How to Stop Hawks and Owls from Attacking Your Backyard Chickens

Have you been experiencing a problem with flying predators like hawks and owls? This can be heartbreaking and frustrating, but there are ways to help combat it.

On a personal note, this has been a tough winter in my backyard when it comes to hawk attacks. My chickens have free ranged daily for almost a decade. Early on we had a hawk problem, but swiftly put some deterrents into place and haven't had a problem until a few weeks ago.

I heard a huge commotion coming from the backyard. From the intensity of squawking, I knew something was wrong and ran outside quickly. I found a hawk rolling down my hill with one of my Buff Brahmas tucked in its talons. They were in a mighty struggle! Luckily, my yelling and running at the hawk scared it away and my Buff Brahma wasn't hurt.

Things settled down until one evening the nightly head count was off by one Black Australorp. And I found our oldest Easter Egger with a horrific slash across her back. After some emergency first aid and time, our hen recovered but our Australorp was never found.

I originally posted this for Backyard Poultry Magazine and thought it might be helpful, especially since this winter's hawk activities have taught me never to become complacent when it comes to predator protection.

When I walked out to the chicken coop and looked up, I was horrified to see a red-tailed hawk calmly eating one of my White Leghorns. When the hawk spotted me, it flew off and dropped the Leghorn's body. As a lifelong birdwatcher, I was thrilled at the hawk sighting. But, as a backyard chicken owner, I hated to see my chicken killed. The red-tailed hawk is one of three species in the United States known as a chicken hawk. The other two are sharp-shinned and Cooper's hawks.

Fast forward a few months later, and I came across the scene in the snow pictured below. It's clear that a hawk or owl tried to attack one of my Leghorns. Lucky for the Leghorn, the hawk missed; all were accounted for after I took a quick headcount.

The reality of my situation is that my chickens free range during the day. I live right next to the woods and we do have nesting hawks. It is illegal to kill birds of prey and I would never want to do that. So, here are my top five ways to thwart aerial backyard chicken predators.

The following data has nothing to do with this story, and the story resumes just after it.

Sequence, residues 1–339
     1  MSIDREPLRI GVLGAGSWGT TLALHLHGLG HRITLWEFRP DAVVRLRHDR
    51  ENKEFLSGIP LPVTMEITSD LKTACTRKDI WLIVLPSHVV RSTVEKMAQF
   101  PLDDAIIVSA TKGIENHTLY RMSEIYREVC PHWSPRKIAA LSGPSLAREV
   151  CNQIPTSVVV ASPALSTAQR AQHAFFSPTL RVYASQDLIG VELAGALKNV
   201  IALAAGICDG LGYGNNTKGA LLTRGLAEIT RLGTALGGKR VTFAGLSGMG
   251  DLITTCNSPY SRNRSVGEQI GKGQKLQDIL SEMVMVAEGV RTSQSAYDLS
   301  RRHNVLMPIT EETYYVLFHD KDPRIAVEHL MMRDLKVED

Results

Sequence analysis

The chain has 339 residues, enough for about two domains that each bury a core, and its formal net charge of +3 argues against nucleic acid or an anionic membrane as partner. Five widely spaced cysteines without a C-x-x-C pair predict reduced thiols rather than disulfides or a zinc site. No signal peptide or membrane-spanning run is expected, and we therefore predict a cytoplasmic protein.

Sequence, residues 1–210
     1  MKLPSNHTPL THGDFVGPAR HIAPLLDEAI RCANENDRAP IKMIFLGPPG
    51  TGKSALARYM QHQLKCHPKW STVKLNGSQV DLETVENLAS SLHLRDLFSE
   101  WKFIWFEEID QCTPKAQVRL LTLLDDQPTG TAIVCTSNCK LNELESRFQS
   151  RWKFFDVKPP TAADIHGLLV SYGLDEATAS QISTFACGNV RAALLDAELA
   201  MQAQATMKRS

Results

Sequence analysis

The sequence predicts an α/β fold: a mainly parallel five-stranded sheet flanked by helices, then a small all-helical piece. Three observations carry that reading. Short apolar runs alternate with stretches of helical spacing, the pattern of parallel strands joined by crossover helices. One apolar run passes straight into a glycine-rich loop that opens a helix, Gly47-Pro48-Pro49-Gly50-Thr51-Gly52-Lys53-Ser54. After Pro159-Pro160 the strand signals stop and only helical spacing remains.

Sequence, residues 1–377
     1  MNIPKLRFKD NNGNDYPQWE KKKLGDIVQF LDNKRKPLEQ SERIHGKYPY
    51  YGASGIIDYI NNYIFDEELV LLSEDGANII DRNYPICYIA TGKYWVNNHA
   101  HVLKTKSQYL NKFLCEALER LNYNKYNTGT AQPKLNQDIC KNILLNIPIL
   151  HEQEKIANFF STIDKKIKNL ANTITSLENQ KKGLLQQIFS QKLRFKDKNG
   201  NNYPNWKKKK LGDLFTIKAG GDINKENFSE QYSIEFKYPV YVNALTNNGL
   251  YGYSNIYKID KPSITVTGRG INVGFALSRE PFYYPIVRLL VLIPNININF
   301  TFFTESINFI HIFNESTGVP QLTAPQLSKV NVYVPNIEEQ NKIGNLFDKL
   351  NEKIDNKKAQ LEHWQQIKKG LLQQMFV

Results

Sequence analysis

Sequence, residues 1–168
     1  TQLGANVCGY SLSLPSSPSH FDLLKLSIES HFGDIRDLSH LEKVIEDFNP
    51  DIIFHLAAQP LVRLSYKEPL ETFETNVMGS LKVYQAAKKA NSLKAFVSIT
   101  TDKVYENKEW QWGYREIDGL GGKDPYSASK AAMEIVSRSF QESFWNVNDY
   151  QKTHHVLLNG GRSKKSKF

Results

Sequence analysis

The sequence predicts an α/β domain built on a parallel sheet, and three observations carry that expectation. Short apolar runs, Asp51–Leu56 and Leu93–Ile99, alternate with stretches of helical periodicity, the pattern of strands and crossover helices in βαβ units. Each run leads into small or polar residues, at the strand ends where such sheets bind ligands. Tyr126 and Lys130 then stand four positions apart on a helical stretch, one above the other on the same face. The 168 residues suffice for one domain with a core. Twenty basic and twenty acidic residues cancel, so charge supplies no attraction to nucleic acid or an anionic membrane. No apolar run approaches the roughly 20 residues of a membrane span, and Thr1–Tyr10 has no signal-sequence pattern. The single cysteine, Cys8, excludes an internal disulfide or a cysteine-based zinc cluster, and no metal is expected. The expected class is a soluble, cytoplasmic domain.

Roosters Make Great Hen Protectors 

My hens were always pretty good at protecting themselves. But adding a rooster stepped up the protection. Many times I've watched our rooster, Hank, scanning the skies for flying predators. If he sees something, he's quick to let out his alarm call and gather the hens in a protected spot. Then he'll walk back and forth in front of them, keeping them together until the danger has passed. Now I know that not every rooster is great at protecting his flock. But if you find a good one, keep him!

Get a Watchdog

Our dog, Sophie, is great with our chickens and when she's out with them, she is a wonderful deterrent. So I make sure to let her out at various times throughout the day. This way predators don't catch onto her schedule. If they don't know when she'll be out, then they are extra cautious.

Make A Scarecrow & Hang Shiny Objects

I like to put my Halloween scarecrows to good use year-round by mounting them around the chicken yard. Just make sure to move them every few days so the hawks don’t figure out your tricks. Also, shiny, hanging objects can confuse flying predators. I like to use pie tins. I punch a hole in each tin and tie them from random tree branches.

Predator vs. Predator

Hawks don’t like owls and vice versa. So head to your local farm supply store and pick up a fake owl. (Mine has been around for a while, so please excuse his missing eye!) Mount him in your chicken yard and watch the hawks scatter. Just make sure to move him around to get the full effect. One word of advice, this has worked well for me, but I’ve seen reports where it didn’t work well for others. So don’t make this your only form of defense.

Plant For Cover

When chickens spot an aerial predator, they need a place to hide. Our chicken coop is off the ground so our chickens often hide underneath it. Plus, they love to go under our deck and the overhang of the house. In addition, I have lots of shrubs and bushes planted throughout my yard that are favorite hangouts for my birds.

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